“Fuck you dog.”
I should probably preface Stephen King films by pointing out that I haven’t really read any of his books. I’ve read It, The Mist (short story), and the ending of The Body (another short story), because I wanted to see how Stand By Me really ended. Other than that, nothing. I mention this only to point out that Stephen King reviews are based solely on the films and not a comparison to the book or the book’s meanings, it is strictly a review of the films at face value.
In the opening scene, an innocent St. Bernard chases a bunny into a rabbit hole filled with bats and gets bitten on his poor little nose.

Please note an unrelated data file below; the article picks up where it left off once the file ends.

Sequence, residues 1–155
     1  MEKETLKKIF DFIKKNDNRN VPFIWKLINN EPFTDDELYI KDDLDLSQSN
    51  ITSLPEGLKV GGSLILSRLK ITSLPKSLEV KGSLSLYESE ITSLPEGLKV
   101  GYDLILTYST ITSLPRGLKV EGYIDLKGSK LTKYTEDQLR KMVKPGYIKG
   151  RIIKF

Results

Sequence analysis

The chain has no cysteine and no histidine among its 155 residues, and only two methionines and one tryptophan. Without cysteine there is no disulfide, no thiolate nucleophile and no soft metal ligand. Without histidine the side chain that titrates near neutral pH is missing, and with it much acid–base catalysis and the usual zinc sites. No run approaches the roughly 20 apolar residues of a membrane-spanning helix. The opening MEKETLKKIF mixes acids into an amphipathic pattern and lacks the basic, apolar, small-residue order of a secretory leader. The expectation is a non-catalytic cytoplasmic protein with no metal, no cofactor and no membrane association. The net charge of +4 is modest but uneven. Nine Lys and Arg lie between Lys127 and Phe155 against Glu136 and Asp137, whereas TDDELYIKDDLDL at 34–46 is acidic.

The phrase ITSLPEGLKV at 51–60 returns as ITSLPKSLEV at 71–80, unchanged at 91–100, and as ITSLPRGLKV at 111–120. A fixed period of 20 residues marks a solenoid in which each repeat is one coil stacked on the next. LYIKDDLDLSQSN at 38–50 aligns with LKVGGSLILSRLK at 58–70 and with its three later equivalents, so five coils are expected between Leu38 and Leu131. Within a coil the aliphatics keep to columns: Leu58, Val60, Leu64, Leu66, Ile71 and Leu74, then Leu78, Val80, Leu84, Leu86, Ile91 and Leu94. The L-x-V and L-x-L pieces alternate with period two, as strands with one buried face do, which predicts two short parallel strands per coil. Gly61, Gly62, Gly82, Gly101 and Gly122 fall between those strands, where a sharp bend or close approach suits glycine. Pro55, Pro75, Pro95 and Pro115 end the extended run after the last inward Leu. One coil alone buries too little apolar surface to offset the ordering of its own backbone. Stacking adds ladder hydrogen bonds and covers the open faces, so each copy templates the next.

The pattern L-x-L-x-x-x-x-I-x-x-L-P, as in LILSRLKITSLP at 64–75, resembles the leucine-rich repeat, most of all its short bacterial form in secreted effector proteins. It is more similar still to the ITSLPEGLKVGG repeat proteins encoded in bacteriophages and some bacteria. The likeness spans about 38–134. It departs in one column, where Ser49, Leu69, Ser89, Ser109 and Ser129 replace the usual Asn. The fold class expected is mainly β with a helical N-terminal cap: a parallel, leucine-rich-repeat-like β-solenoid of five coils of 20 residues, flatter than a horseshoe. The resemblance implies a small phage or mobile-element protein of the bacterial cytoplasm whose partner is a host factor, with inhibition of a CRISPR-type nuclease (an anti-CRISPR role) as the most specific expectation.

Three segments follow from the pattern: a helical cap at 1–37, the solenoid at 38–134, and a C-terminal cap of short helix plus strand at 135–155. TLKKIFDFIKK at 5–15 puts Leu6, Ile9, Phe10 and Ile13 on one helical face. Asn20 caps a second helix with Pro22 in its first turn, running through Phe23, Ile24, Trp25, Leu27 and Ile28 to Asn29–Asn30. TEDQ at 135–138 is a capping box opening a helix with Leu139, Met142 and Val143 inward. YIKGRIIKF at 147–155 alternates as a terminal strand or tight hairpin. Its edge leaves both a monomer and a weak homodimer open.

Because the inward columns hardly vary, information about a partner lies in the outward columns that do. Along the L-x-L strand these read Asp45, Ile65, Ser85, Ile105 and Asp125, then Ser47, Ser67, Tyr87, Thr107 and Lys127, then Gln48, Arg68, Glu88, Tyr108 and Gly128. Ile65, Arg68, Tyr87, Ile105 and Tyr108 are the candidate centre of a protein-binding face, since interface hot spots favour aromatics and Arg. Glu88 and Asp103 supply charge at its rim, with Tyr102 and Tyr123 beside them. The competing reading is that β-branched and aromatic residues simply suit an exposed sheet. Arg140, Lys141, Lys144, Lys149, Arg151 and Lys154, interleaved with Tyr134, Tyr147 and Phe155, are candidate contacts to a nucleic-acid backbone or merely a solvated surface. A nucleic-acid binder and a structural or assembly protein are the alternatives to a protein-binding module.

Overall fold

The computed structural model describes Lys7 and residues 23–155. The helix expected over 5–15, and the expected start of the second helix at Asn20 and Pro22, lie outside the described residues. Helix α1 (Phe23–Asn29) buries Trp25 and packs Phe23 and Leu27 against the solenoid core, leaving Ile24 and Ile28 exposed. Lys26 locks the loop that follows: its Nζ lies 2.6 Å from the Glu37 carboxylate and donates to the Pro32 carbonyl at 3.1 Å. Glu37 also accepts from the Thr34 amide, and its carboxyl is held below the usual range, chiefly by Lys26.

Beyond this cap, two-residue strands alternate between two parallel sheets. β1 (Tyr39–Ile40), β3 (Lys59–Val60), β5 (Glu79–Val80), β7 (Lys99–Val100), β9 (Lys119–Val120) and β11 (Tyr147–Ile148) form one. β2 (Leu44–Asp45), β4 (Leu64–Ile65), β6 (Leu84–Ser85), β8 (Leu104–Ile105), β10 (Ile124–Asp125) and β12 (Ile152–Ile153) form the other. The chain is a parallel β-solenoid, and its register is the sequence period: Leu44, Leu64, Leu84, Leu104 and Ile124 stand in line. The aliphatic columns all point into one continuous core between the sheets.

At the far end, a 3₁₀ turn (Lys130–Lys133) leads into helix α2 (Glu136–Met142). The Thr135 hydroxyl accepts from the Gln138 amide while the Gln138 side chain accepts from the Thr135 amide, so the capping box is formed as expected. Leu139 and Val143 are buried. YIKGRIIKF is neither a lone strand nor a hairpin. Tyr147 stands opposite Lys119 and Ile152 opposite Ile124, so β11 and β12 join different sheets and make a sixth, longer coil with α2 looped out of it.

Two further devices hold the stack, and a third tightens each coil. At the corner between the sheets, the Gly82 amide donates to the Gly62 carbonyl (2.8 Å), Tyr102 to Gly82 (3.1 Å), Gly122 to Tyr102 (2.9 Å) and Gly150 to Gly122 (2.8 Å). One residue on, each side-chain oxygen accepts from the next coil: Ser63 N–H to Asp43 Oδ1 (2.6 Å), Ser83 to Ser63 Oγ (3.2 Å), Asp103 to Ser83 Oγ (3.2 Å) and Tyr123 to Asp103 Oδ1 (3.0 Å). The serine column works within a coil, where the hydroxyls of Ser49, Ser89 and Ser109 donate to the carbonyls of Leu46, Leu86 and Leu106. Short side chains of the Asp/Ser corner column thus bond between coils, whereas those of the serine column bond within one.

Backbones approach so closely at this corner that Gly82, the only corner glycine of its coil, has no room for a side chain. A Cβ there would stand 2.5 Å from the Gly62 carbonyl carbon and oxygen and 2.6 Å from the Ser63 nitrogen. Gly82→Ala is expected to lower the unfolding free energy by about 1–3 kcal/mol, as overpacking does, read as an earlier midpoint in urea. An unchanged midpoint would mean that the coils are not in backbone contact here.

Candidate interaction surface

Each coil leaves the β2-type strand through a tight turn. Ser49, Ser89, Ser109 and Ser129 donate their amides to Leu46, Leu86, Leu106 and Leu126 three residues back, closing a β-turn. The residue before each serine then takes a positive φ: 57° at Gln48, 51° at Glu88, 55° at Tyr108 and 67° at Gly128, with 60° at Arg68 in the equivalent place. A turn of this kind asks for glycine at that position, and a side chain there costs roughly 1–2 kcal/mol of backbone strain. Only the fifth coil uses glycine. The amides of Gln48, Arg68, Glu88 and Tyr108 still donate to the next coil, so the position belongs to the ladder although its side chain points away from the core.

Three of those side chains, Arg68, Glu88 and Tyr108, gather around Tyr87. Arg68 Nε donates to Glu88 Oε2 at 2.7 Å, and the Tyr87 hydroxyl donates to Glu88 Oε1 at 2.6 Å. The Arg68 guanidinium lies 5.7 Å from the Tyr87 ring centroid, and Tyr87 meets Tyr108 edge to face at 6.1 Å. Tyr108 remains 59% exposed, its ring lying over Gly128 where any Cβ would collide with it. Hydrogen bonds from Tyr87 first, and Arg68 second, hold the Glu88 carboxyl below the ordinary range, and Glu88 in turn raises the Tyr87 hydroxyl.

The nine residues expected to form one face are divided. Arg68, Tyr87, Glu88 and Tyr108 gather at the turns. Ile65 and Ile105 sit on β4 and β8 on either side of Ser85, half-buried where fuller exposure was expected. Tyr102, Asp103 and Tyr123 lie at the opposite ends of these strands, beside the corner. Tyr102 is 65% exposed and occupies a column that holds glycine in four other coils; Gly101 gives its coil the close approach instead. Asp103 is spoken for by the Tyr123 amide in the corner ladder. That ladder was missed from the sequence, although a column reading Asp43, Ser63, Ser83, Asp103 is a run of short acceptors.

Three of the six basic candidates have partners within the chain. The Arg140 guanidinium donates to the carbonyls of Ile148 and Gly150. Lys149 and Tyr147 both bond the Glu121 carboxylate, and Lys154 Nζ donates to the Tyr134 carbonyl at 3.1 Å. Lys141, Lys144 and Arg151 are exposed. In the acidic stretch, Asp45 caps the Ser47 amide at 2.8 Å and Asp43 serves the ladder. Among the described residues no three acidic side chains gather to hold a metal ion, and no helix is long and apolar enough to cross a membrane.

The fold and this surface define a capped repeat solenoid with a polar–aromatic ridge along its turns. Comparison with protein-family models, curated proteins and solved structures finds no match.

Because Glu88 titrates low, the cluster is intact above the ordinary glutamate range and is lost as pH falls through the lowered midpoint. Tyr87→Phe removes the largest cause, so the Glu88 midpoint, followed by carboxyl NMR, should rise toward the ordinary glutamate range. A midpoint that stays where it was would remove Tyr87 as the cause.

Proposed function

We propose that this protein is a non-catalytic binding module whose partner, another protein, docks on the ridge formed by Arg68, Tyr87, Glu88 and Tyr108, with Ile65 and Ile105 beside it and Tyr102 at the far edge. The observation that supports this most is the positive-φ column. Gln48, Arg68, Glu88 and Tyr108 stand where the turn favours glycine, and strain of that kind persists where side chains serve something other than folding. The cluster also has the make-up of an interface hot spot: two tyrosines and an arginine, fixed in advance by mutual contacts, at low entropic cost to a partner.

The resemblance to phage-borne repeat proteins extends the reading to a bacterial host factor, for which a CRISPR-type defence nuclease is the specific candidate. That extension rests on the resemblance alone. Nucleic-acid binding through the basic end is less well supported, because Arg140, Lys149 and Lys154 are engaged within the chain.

Next scene: A little kid, Tad, played by Danny Pintauro, pre Who’s The Boss, is afraid of the dark. He wakes up his dad, Vic, and his mom, Donna, played by horror queen of the 80’s, Dee Wallace.
In the morning, Tad is eating breakfast and feeling better, despite having moved all of his bedroom furniture over to block the closet door. His parents come downstairs. Vic’s friend, Steve, stops by and Donna starts acting weird.
After a tennis match between Vic, and Steve, we the viewer, not Vic, learn that Donna is having an affair with Steve, who likes to play the trombone after sex. That’s not the only thing he tromboned. All the while, Vic wants to have another baby. He basically feels a void in his marriage, but doesn’t know what it is, so he wants to throw a baby at the problem.
Vic takes his car to a mechanic who hates money so the mailman refers him to Joe Camber. He takes his family over and they meet Cujo, the St. Bernard from the opening, with a fresh wound on his nose.